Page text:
by Wade Gibbons
Perhaps the National Cultural Foundation should hold a judges competition where the best judges emerge and then are unleashed on the various competitions under the NCF’s umbrella. Then, and only then, they might understand the concept of “party music” and not foist the folly which thousands endured for what should have been really a Party Monarch Competition at Bushy Park, St. Philip yesterday.
Soka Kartel will scarcely ever win an easier Party Monarch title as there was little, if any competition, with which they had to contend. Indeed, there were some in the audience who basically stated that the competition started and ended with the last act – Blood and Mikey. For all emcee Mac Fingal’s sterling efforts, and attempts to encourage acceptance of mediocrity for the sake of nationalism, the Party Monarch Final in terms of competition quality was a fiasco.
The Sweet Soca competition that came before thankfully saved the day and fans appeared to have a wonderful lime despite the Party Monarch competition being a dud.
Fuhnominon, who started the show with Soca Army, was visually pleasing in terms of the dance choreography and colour which he and his “army” delivered, but musically his was just a notch better than garbled confusion.
Once again great dance choreography could not rescue Popiscle’s Party Animals. If you are supposedly singing party music and patrons are not dancing, paying some form of attention or at least fleetingly diverting their gaze away from their macaroni pie, beers and extra old rum, then you have a problem.
It might be a case of a series of lobotomies gone awry that led to judges placing D Slayah in the Party Monarch final with a song praising God titled Worldwide Praise.
One young man in the crowd was observed attempting to gyrate on the buttocks of a skimpily clad, buxom young woman — a response undoubtedly to the song’s fast pace nature. But he abruptly stopped, no doubt after realisation kicked in that gyrating on a ‘bumper’ didn’t quite mesh with the message of the song.
How on earth in a secular festival could a panel of judges determine that revellers, fuelled with all types of spirits, would want to ‘party’ to God’s word is beyond this writer. This was simply a case of judging ignorance on highly elevated stilts.
Jimmy Dan was impressive with his The Sound of Pan, while Trinelle worked her Full Circle quite competently, if unspectacularly.
Khiomal accredited himself well with De Recipe and worked hard for his 355 points that brought him fourth place and $10,000.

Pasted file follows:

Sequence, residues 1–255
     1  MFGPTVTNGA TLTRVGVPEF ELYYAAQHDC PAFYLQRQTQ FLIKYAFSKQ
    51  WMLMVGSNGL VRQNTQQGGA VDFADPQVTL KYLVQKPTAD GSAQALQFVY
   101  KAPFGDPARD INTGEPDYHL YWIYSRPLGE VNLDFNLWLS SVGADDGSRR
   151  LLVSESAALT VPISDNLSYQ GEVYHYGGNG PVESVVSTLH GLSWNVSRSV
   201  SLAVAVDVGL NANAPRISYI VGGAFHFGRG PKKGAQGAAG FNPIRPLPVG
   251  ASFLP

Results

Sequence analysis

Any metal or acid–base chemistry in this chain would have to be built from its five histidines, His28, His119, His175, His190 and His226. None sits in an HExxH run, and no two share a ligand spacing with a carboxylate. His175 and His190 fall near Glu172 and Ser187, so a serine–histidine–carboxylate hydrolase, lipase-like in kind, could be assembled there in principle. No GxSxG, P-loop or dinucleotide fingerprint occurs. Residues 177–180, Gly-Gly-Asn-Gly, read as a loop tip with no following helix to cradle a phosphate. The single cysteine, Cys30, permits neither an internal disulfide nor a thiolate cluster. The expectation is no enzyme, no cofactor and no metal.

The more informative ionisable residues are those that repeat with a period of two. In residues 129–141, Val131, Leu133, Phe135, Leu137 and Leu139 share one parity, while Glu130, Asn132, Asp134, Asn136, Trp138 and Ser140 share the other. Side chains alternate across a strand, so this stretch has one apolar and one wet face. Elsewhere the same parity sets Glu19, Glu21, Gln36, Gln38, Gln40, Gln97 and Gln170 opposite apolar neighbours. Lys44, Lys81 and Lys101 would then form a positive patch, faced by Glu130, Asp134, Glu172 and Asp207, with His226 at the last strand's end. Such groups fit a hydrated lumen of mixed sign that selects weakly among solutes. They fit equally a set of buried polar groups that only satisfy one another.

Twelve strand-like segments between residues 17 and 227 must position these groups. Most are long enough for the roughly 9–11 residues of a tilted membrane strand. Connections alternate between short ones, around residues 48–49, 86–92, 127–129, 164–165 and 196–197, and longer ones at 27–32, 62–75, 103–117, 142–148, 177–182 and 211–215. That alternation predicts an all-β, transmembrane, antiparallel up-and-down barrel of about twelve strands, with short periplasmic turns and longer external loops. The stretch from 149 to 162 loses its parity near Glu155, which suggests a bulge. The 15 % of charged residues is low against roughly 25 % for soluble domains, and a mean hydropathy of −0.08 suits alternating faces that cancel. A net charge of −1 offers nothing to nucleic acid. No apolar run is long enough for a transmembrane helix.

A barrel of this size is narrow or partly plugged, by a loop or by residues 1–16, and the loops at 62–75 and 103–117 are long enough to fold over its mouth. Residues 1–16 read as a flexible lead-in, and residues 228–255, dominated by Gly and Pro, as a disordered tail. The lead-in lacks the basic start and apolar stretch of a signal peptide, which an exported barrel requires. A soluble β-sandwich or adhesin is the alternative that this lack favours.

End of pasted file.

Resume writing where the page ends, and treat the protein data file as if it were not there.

Then to the Party Monarch Final which was basically a case of Mikey and Blood competing with and against each other. Blood was dynamic with his Mo Fyah, utilising the stage well and ensuring that he was not lost among the dancers, confetti, fire eaters and other pyrotechnics that created quite a spectacle. He was good for 361 points, third place and a booty of $15 000.
Mikey continues to grow as an entertainer and had the crowd in raptures with his Ready Again. There were flags in the air, umbrellas in the air, rags in the air, feet in the air, hands in the air, fireworks in the air, screams in the air, all the atmosphere befitting a Party Monarch Final that suddenly rose from its comatose state. Mikey’s efforts resulted in 374 points and a $20,000 pay day.
Then Mikey and Blood in their Soka Kartel incarnation, gratefully performing last, took the occasion to fever pitch with Roll It. Theirs was a show within a show, a spectacular display that really ignored the fact they had little competition other than themselves — separated.
Pork chops were put aside, beer guzzling was temporarily suspended, male hands appeared to hold female waists that much tighter, frontal to rear fusions suddenly became even more adhesive, every eye seemed fixed on the stage and the crowd seemed like a colourful mass of humanity moving up and down and sideways in kinetic frenzy with silhouettes doubling the numbers.
This was party. For their superb effort that saw them gaining 416 points the duo took home a Kia Rio motorcar valued at $56,900, $10,000 in cash, $500 voucher for clothing, and a five-night “staycation” valued at $1,995.29 at Divi SouthWinds.
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